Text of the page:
Catching Fire and Helping Children
I was watching Catching Fire with my family. In the scene where Katniss and Peeta are giving a speech to District 11 they’re told to read their speeches from prepared cards. Peeta looks at his card and begins to read as the crowd stands emotionless, then he puts down the card and speaks from his heart. When he does he and Katniss inspire the crowd. Sitting in the theatre it suddenly occurred to me that writing is the same. If I throw away everything that is on the surface and dig deep, connections are made. For adults it takes courage to go deep and slice through the layers to what we’re really feeling in our hearts but for kids it’s easy. They are ripe with emotion and that’s part of what makes them so beautiful.
While I was waiting for Arielle at the airport I saw a little girl with her mom and two young men. The little girl looked up at one of the men and said, “I hope your airplane doesn’t crash and you die.” They all ignored her so she said it again. Her mom said, “We don’t say those kind of things.” The girl had no reaction she just began playing with her toys. She was simply stating what she felt. She didn’t want the man to leave her. By the time we’re adults we’ve had many of these same kinds of lessons.
I had the opportunity to spend several days in a second grade classroom. It was just me and 17 eight year-olds. I was prepared. I had my green tea and my Starbucks espresso shots because I knew I was going to need a lot of energy to keep up with them. Wow! One minute I was tying shoes, the next teaching double-digit subtraction with regrouping while pausing for two minutes to write a pass to the clinic for a lost tooth. Then I was doing jumping jacks and playing Simon Says, two of many brain breaks to help keep 8 year-olds and tired 40 year-olds focused. They were by my side from 7:30 am – 2:10 pm. It didn’t take long for me to fall in love with their adorable smiles and crazy one liners like, “Yes, Krista I will tell you the answer to that question.” I learned that maybe it’s not such a great idea to let second graders look at my substitute ID. I heard “Oh, your name is Krista?” And “You look a lot younger in your picture.” One of my favorites was “Do you recognize me? My hair is different today so I want to make sure you know who I am.”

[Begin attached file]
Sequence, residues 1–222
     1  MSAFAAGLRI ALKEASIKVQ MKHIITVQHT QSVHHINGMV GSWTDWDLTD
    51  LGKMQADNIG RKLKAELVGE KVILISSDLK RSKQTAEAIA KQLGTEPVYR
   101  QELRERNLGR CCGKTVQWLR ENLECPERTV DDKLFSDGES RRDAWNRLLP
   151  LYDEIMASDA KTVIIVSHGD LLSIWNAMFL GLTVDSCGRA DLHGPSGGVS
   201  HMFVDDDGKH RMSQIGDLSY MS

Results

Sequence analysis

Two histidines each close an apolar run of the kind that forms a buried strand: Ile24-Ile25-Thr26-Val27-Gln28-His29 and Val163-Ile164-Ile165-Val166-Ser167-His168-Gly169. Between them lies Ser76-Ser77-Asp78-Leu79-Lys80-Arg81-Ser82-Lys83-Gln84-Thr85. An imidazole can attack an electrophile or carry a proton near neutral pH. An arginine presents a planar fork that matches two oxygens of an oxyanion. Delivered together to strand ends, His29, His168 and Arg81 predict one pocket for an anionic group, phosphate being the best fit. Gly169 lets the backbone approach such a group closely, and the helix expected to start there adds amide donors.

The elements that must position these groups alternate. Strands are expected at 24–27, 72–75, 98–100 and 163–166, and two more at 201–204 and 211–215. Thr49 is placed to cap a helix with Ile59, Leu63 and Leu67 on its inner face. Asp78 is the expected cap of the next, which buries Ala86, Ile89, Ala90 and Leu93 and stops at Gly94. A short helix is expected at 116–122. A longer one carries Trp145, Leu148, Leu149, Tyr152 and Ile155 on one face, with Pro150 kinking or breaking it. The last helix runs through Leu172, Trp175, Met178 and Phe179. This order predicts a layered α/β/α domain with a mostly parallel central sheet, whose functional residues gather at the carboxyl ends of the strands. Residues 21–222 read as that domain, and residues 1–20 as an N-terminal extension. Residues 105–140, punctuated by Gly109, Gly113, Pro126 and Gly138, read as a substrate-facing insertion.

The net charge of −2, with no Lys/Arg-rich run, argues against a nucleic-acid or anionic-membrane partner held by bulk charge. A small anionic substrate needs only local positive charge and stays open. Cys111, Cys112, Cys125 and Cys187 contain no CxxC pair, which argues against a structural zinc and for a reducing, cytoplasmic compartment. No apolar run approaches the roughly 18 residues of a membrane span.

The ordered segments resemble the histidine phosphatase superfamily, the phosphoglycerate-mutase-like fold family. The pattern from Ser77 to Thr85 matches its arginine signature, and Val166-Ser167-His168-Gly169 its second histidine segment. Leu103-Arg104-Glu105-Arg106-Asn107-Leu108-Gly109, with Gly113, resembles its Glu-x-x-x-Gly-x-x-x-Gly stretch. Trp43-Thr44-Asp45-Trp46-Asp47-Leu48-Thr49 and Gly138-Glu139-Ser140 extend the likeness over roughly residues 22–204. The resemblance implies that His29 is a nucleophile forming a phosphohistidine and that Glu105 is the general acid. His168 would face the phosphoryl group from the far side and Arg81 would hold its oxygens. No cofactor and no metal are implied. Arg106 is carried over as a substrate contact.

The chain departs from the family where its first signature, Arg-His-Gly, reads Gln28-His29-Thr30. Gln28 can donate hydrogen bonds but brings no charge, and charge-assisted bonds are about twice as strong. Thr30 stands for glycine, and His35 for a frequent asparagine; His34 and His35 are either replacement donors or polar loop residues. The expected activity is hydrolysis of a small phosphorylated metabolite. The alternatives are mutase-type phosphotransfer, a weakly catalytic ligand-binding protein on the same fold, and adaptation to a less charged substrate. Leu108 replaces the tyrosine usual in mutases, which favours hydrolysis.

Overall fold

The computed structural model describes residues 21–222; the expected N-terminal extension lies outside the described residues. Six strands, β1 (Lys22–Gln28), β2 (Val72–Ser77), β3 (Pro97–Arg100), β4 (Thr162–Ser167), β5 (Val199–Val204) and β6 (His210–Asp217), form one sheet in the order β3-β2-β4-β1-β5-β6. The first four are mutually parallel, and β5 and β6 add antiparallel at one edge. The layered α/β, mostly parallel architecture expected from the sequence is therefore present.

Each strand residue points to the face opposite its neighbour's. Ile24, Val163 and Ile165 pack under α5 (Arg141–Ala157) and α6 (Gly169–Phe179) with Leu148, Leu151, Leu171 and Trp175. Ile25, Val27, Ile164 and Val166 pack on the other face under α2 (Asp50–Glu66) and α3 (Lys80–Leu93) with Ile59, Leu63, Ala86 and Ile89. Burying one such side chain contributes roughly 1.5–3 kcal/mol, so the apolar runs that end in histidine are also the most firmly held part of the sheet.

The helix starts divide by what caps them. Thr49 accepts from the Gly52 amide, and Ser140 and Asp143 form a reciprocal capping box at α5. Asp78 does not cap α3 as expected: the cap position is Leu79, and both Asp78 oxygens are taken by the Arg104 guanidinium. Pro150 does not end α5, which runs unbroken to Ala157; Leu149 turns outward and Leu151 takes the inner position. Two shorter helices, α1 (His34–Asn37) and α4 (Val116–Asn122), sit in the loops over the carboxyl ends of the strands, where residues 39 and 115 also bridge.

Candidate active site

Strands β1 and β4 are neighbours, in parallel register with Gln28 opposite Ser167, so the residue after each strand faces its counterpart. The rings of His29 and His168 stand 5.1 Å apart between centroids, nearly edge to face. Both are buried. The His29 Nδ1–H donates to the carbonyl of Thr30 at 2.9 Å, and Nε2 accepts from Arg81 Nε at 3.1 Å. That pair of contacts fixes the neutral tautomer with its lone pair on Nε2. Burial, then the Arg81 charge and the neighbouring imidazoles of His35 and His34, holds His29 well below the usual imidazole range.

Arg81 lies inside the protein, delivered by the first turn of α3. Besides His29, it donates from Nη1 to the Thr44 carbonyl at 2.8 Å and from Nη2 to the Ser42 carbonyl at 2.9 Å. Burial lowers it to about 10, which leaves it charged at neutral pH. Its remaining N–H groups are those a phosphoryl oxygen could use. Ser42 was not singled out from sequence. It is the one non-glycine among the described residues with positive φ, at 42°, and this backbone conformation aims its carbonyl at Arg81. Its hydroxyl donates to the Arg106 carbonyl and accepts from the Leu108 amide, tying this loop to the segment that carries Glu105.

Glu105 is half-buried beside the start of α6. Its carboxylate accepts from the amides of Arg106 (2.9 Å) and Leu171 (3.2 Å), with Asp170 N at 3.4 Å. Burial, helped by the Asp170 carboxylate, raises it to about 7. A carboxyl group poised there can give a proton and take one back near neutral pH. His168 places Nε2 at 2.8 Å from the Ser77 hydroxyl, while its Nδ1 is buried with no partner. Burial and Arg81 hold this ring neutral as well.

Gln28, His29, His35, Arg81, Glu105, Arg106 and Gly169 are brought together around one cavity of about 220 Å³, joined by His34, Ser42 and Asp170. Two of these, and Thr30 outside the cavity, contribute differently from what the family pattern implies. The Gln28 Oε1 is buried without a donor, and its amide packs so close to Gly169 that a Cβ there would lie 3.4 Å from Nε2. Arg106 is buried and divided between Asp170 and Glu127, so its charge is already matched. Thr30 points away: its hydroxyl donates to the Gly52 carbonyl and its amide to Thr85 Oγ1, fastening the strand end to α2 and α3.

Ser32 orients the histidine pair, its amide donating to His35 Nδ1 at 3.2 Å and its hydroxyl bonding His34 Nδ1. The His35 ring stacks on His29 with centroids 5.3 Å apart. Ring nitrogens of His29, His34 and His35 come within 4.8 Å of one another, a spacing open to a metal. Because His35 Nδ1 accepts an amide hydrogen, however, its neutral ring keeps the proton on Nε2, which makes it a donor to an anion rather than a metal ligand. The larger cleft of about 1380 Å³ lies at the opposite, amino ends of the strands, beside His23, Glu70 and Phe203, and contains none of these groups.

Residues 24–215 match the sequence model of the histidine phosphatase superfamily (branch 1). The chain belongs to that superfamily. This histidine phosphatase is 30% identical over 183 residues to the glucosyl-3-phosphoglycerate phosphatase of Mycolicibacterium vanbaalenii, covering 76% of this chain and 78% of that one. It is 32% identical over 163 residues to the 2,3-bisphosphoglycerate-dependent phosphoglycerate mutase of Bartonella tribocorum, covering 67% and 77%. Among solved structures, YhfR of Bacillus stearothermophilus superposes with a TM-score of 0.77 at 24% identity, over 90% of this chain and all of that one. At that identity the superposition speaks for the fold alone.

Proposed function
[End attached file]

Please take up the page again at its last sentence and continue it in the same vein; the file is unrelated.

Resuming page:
Then when I least expected it one of them would tell me something from their lives that would leave me speechless scrambling for just the right words in hopes of easing their mind. There was “My grandma doesn’t have a lot of money for food so there’s not much to eat but I did have toast.” After reading THE TRUE STORY OF THE THREE LITTLE PIGS one boy raised his hand and told me about his pet pig and how his his dad took a machete and chopped off his head. And the next day I heard about the dad that told his family he’d be back in five days… three years ago.
The innocence of eight year-olds makes them question why there’s no food or why a dad would leave his family and then state how those things make them feel. By the time they reach middle school though they no longer question life they accept and learn to keep their pain bottled up inside. That’s why books are so important for young minds. Authors who dig deep through the layers are able to create characters that face some of the same kind of emotional hardships that our young people are going through and not speaking of because society eventually teaches them not to. When they pick up a book and read about a family who doesn’t have money for food or a dad who leaves they can connect to those characters and realize they’re not alone in their suffering.
Books are important! Teachers, parents, friends, if you have a favorite children’s book (YA, MG, too) that you love please give it a shout-out in the comments section. Not only will you help spread the word and support the author but you’ll also help others reach more kids with books. Yay books!
I’ll start. Here’s a great book to help young minds deal with loss. SEE YOU AT HARRY’s by Jo Knowles